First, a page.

Nadia Odlum received her Bachelor of Fine Arts at the National Art School in 2012 and completed her Master of Fine ASrts (by research) at the University of New South Wales, Art & Design in 2016. She has gone on to be the recipient of multiple awards and residences, as well having exhibited in Sydney, Melbourne, New York, and Paris. In 2015 she was a resident at the Cité Internationale des Arts in Paris, in the Art Gallery of NSW’s Moya Dyring Memorial Studio, and was given the Dyason Bequest to fund this time abroad. In 2016 she was a resident at Parramatta Artists Studios (PAS) in Sydney. During June and July 2018, Odlum was Artist in Residence and the Education Fellow at the Wassaic Project in New York, where she was collaborating with dancers and choreographers in residence to devise a new program for children that explores signs, symbols and movement in the urban environment. Odlum has also received public commissions, and her work is held in both private and gallery collections in Sydney and New York.
INSTABILITY AND UNCERTAINTY
Susan Andrews lives and works in Sydney, she is an abstract artist whose painting practice has affinities with sculpture and architecture. Andrews work is informed by her interest in geometry and mathematics and the systematic organization of space. These ongoing interests are reflected in her use of irregularly shaped works that on first viewing appear awkward or misshapen. Through her painting practice, Andrews seeks to question the conventional notions of abstract painting and how our contemporary perceptions and response to the formal elements of painting has shifted, allowing for different forms of experience and representation to be present in the developed work.
The body of work for this exhibition aims to convey the strangeness of our time, to evoke the sense of imbalance in our cultural and physical perception. Through juxtaposing irregular shapes and the application of contrasting colour these works aim to evoke forms teetering on the edge of being both familiar/unfamiliar, similar/dissimilar to that which is known, felt or seen before.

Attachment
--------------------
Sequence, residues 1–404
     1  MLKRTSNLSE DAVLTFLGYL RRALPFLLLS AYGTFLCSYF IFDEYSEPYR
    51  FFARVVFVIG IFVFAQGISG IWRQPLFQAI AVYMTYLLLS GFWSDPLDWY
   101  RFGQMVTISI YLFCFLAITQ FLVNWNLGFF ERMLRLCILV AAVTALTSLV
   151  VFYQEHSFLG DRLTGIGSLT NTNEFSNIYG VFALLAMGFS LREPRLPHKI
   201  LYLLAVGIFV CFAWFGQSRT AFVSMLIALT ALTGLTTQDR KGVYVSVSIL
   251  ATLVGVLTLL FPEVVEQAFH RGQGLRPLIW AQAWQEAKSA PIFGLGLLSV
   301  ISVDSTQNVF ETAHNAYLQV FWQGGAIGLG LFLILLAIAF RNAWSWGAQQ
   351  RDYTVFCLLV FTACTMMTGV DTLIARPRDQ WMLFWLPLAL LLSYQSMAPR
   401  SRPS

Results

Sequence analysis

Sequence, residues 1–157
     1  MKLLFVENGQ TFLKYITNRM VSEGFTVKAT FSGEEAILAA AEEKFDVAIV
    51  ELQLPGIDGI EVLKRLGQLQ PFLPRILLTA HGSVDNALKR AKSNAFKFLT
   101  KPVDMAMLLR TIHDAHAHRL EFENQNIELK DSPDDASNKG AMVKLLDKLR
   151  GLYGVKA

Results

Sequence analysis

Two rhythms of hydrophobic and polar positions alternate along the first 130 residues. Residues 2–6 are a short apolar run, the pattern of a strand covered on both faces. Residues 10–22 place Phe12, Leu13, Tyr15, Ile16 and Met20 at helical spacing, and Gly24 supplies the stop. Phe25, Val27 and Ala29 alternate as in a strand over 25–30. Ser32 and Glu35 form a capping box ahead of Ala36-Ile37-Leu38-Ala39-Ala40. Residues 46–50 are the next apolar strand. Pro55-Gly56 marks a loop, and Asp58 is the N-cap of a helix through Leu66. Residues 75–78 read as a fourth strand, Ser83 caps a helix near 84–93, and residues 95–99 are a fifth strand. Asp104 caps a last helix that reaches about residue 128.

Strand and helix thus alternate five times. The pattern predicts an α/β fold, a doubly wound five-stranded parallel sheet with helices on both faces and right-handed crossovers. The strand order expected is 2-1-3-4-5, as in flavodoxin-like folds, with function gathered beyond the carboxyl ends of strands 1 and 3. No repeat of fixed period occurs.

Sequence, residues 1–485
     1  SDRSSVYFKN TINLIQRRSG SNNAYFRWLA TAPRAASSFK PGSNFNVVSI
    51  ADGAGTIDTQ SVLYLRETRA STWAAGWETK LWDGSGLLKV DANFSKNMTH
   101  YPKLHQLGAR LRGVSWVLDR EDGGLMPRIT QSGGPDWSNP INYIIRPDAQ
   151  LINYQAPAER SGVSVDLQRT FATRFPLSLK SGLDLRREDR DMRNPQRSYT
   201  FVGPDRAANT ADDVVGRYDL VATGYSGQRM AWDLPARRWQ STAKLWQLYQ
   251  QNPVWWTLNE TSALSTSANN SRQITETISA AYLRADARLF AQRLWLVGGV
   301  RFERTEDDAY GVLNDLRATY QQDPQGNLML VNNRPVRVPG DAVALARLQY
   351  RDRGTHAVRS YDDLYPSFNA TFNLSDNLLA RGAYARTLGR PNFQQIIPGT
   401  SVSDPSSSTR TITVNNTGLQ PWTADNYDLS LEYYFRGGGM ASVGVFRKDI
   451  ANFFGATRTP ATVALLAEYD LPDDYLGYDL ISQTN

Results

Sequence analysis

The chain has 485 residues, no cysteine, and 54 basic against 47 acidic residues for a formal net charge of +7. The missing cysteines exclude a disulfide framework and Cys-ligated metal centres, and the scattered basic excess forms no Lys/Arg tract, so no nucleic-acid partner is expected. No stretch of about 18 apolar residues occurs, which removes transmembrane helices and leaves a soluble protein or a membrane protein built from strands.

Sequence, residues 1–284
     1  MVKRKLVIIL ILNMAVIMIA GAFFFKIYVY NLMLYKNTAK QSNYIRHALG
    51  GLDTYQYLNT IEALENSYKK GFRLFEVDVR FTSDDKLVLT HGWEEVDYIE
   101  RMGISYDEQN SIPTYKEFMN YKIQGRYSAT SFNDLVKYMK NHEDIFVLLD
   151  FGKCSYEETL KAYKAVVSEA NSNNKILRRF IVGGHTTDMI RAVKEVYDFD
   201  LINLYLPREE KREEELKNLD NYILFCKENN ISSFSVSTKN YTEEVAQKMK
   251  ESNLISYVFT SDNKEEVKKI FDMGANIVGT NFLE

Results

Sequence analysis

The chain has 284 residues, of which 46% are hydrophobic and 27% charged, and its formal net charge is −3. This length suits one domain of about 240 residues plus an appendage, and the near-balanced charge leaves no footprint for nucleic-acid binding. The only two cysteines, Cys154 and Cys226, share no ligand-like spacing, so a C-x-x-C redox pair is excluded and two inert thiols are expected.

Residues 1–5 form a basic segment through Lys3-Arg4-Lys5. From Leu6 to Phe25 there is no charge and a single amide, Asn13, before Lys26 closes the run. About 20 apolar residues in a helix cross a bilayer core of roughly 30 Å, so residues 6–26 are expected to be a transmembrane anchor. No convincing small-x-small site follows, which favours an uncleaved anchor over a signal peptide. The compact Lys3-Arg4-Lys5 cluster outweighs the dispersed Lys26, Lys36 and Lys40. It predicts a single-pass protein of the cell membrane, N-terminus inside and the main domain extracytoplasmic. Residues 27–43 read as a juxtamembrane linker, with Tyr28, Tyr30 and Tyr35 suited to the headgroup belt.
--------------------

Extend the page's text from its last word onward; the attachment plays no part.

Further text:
Susan Andrews has been exhibiting work for over twenty years in both commercial and artist-run spaces, whilst also being included in major cultural exhibitions and art prizes, such as the Grace Cossington Smith Art Award, the Dobell Prize for Drawing, and the Sulman Prize. Andrews has undertaken artist residencies at Bundanon Trust (2005), Beijing (2008), Paris (2000, 2006, 2016) and Sydney Non-Objective 2016.
Henry Curchod is an emerging artist working in painting and drawing. His practice promotes a playful perspective of the modern human condition characterised by graphic figures interacting with surreal places. Often with dark or satirical undertones, the works present a fascination with the nuance of human gesture and its delicate symbolism. Curchod works only from preliminary sketches of his imagination to create short narratives built around everyday experiences to highlight aspects of human interactions that he finds complex and frustrating.
In the body of work for this exhibition, Veils, Curchod toys with the notion of futility in daily life and welcomes the viewer into a new world that is shaped by a reserved palette. Painting from his imagination, the artist attempts to create a quixotic dreamscape that illustrate the obvious unrealistic relationships the subjects have to one another. Curchod intentionally distorts painterly techniques of texture and composition to create a distinct visual language. The artist doesn’t follow traditional rendering but rather may flatten an object or space in order to translate an object’s essence into paint. This is exemplified in the exhibited work, that features little perspectival accuracy in favour of depicting the action of the object as opposed to the object itself. This effect, for Curchod, becomes a metaphor that opens the possibilities for interpretation by the viewer who can utilise the artist’s imagination as well as their own internal symbolism to interpret the scene.
Henry Curchod received his Bachelor of Fine Arts from the College of Fine Arts, UNSW, in 2014, and since then has gone on to exhibit in a number of group and solo exhibitions as well as receiving a number of awards, such as the Mosman Art Prize, the Belle Magazine Art Prize, and the Fortyfive Emerging Art Award.